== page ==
Tinkering with MakuluLinux Xfce

 

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My custom Makululinux desktop

Makulinux is a distribution of the Linux operating system.   There are hundreds of distributions of Linux each offering a unique flavor of Linux.  Many distributions offer similar features and appearances while others differ by applications and tools offered with the distribution.

Desktop Environments

Each distribution can offer various desktop environments.  Many distributions or distros of Linux often feature all or a combination of the following desktop environments: Gnome, KDE, XFCE, Cinnamon and MATE  (pronounced Ma TAY).   These variations of desktop environments are most common and in my opinion are most eye appealing but there are other desktop environments available depending on the Linux distribution.    For example, the Ubuntu distro includes only the Unity desktop environment.  Desktop environments and distros for that matter, work better (or worse) on different computers depending on whether the distribution is placed on a laptop or desktop computer with a lot or a little bit of memory (RAM).

Learning Curve

The MakuluLinux version I have been using is with the XFCE desktop environment which I have found runs great on older laptop computers and also anything in-between.  This is because the Xfce desktop environment is generally suited for older computers.    However, as with many distributions of Linux there can be a slight learning curve in its overall operation, especially if you have been familiar with Windows.   After one figures out how though, Linux distributions can be customized to your liking and some even offer nice application window eye candy. One such favorite is called wobbly windows.  Move your application window(s) around and it really moves!   Makulu is also fully customizable and includes a plethora of themes.

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Compiz Wobbly windows effect

Eye Candy

MakuluLinux is no different when it comes to effects.  MakuluLinux 9 32-bit xfce includes what is called the Compiz effects window manager while KDE desktop environments include the KWin effects window manager.  One thing I really enjoy about MakuluLinux (32-bit verson only) is that it includes the option to turn effects on or off with a simple mouse click depending on the speed of your computer.

 

Installation

MakuluLinux also features some great themes and software ready for your enjoyment.  As much as I enjoy using MakuluLinux on my old Windows XP laptop computer (without Compiz effects on due to its extra resource requirements) I will note that I have had installation trouble with the normal edition of MakuluLinux Xfce 9.

In my experience Makulu isn’t as easy to install as has been Ubuntu or Kubuntu among others– that is, without a little understanding of some basic Linux syntax.   While I already noted that installing the normal 32-bit version of Makulu 9 Xfce failed for me, installing the 32-bit Makulu 9 Xfce Lite edition did not.  The lite edition is the same as the normal edition but includes less on-board software (what I call bloatware).  Once Makulu installs however, your choice of software packages can be downloaded anytime from the included software center!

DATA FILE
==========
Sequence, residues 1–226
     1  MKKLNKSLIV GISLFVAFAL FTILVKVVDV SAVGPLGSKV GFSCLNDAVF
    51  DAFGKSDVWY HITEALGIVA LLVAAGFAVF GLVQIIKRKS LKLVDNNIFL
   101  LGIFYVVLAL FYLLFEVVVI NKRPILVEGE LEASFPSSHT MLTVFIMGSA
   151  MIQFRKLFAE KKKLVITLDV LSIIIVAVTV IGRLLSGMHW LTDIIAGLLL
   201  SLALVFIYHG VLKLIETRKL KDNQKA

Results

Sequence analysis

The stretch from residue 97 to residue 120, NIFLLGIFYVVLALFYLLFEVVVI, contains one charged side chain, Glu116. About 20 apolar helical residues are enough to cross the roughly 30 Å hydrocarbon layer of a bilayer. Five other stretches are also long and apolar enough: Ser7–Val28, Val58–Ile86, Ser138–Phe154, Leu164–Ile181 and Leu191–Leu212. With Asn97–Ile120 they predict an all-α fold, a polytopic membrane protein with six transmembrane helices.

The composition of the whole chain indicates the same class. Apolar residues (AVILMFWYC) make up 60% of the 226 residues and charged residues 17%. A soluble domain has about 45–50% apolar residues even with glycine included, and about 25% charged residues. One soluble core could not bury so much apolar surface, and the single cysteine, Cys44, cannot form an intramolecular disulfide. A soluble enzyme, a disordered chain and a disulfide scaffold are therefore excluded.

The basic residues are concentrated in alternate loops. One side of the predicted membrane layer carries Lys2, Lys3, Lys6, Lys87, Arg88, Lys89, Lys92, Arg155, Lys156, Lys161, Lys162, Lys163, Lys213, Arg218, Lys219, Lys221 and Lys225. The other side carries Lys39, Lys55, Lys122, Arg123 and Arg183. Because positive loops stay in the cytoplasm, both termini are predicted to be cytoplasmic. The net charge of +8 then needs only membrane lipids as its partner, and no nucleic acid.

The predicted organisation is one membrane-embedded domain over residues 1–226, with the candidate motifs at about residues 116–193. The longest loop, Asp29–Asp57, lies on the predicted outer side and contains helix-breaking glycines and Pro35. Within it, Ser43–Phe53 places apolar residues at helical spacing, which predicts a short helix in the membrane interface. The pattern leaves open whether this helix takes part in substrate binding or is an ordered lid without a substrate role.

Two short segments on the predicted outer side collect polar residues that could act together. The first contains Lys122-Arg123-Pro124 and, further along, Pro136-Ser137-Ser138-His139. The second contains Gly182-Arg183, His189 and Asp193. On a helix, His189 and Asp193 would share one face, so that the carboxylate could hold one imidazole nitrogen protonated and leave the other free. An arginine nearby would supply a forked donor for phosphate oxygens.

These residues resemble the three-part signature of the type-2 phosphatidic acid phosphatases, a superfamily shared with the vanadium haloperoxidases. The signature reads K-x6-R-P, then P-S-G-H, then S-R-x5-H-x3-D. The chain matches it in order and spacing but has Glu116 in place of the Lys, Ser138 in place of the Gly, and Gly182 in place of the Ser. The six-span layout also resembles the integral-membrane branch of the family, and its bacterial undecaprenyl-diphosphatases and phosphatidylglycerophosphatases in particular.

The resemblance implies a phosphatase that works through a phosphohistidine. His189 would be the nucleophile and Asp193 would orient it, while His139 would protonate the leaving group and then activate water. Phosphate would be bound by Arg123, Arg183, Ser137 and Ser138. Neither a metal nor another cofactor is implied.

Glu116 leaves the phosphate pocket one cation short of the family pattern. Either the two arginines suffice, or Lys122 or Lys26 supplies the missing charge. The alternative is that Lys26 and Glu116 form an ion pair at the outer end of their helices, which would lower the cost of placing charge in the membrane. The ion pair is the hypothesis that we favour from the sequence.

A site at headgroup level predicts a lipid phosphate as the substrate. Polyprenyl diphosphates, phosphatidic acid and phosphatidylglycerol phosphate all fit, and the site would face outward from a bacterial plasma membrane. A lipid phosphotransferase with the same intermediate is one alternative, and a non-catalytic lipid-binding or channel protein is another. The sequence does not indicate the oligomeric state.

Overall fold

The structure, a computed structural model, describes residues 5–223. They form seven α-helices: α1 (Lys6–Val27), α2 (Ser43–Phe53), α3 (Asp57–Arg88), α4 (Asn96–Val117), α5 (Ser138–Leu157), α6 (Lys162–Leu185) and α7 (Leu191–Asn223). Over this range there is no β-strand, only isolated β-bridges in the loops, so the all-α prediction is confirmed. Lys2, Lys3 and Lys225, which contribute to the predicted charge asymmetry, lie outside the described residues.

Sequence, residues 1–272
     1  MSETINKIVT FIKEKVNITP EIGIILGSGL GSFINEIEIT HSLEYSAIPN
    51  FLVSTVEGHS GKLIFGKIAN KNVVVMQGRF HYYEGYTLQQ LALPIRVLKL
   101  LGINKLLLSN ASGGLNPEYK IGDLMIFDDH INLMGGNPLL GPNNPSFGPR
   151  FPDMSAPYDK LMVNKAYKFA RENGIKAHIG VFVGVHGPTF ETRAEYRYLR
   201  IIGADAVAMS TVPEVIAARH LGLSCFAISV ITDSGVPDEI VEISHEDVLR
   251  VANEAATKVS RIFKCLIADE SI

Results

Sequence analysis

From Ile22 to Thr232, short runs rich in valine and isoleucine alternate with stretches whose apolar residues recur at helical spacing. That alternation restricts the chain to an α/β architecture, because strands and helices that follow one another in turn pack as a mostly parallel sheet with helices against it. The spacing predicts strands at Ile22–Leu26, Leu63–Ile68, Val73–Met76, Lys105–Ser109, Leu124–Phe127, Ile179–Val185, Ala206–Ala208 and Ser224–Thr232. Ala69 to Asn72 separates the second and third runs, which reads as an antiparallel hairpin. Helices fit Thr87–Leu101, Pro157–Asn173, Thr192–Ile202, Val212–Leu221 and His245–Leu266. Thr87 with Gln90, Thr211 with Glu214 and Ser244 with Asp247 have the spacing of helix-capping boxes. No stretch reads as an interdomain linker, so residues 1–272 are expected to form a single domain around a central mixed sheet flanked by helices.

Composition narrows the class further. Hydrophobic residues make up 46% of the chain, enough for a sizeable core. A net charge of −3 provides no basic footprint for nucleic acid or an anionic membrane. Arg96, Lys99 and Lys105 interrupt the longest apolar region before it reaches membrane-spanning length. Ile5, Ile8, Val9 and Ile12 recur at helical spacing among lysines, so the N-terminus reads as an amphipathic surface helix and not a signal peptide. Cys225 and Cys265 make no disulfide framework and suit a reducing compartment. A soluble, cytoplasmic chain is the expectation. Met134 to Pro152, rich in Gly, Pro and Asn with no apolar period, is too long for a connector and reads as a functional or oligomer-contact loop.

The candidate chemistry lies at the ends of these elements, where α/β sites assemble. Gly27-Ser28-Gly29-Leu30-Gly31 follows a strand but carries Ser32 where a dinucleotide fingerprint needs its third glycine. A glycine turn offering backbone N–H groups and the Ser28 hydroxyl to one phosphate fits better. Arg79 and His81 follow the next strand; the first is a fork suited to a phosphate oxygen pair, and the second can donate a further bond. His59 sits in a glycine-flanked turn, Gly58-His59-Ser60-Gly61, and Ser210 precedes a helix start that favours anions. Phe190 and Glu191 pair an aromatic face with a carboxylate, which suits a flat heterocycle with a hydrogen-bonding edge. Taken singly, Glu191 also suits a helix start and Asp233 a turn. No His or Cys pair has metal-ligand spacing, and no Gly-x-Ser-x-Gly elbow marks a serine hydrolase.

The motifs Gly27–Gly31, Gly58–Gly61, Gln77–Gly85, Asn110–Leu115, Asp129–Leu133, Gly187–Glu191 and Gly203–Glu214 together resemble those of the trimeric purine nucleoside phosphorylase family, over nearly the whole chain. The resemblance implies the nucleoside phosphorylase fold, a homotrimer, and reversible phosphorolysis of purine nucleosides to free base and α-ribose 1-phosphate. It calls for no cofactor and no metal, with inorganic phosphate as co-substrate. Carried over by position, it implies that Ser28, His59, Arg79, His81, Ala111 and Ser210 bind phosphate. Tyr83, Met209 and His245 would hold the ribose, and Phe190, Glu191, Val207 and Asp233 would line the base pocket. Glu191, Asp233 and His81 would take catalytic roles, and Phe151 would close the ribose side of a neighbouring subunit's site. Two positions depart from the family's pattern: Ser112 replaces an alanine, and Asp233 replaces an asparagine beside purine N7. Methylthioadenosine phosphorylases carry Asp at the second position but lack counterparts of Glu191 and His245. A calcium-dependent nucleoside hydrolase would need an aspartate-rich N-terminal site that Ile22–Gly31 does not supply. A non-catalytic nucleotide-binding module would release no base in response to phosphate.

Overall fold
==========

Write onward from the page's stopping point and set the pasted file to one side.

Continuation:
Related Interest:

XP Options

Linux Desktop Environments

Distrowatch

MakuluLinux

What is XFCE?

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Linux Tinkering and XP Options

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TinkerXperience wouldn’t be such a great name for a blog if I neglected to talk about some actual tinkering–Linux tinkering that is.  Linux is an alternative operating system to Windows or OS X which is generally free aside from user donations.  I discovered Linux a few years ago with Ubuntu but didn’t realize until recently there is more to Linux than Ubuntu.

What is the difference between the terms Ubuntu and Linux?

Linux is the system (operating system) the computer runs on but there are hundreds of distros or distributions of Linux.  Each distribution features the Linux kernel (the underlying code) as it’s called to operate .  We users see the results, which is what appears on the desktop and that can feature hundreds of variations or flavors of Linux.   These variations are packaged within each distro and are what set a particular distribution of Linux apart from another.

For example, the Ubuntu distribution features what is called the Unity desktop but it is still Linux.  Visually speaking, instead of a task-bar located at the bottom of the desktop as in Windows, the task-bar is permanently fixed to the left side of the screen.   Other features of Ubuntu are top left positioned control buttons (minimize/maximize) on each window opened such as is found on Mac computers.

In up coming posts I hope to discuss some personal Linux tinkering in more detail when I discuss some of my favorite distributions!

Got an old XP Computer you don’t want? Don’t throw it away!

In the meantime, if you have one or know someone who has an old computer or laptop running Windows XP I have created a website addressing the issue of Microsoft’s end to XP support and some options for keeping that old computer running.    An old Windows XP computer (that runs) has a lot of days left even if you don’t run Windows XP on it.  In fact this blog post is coming to you from a former XP laptop computer now running MakuluLinux XFCE.   What’s Makululinux XFCE you ask? Find out next when I discuss MakuluLinux XFCE!

Related:

XP Options website

Windows XP end of support

DistroWatch

 

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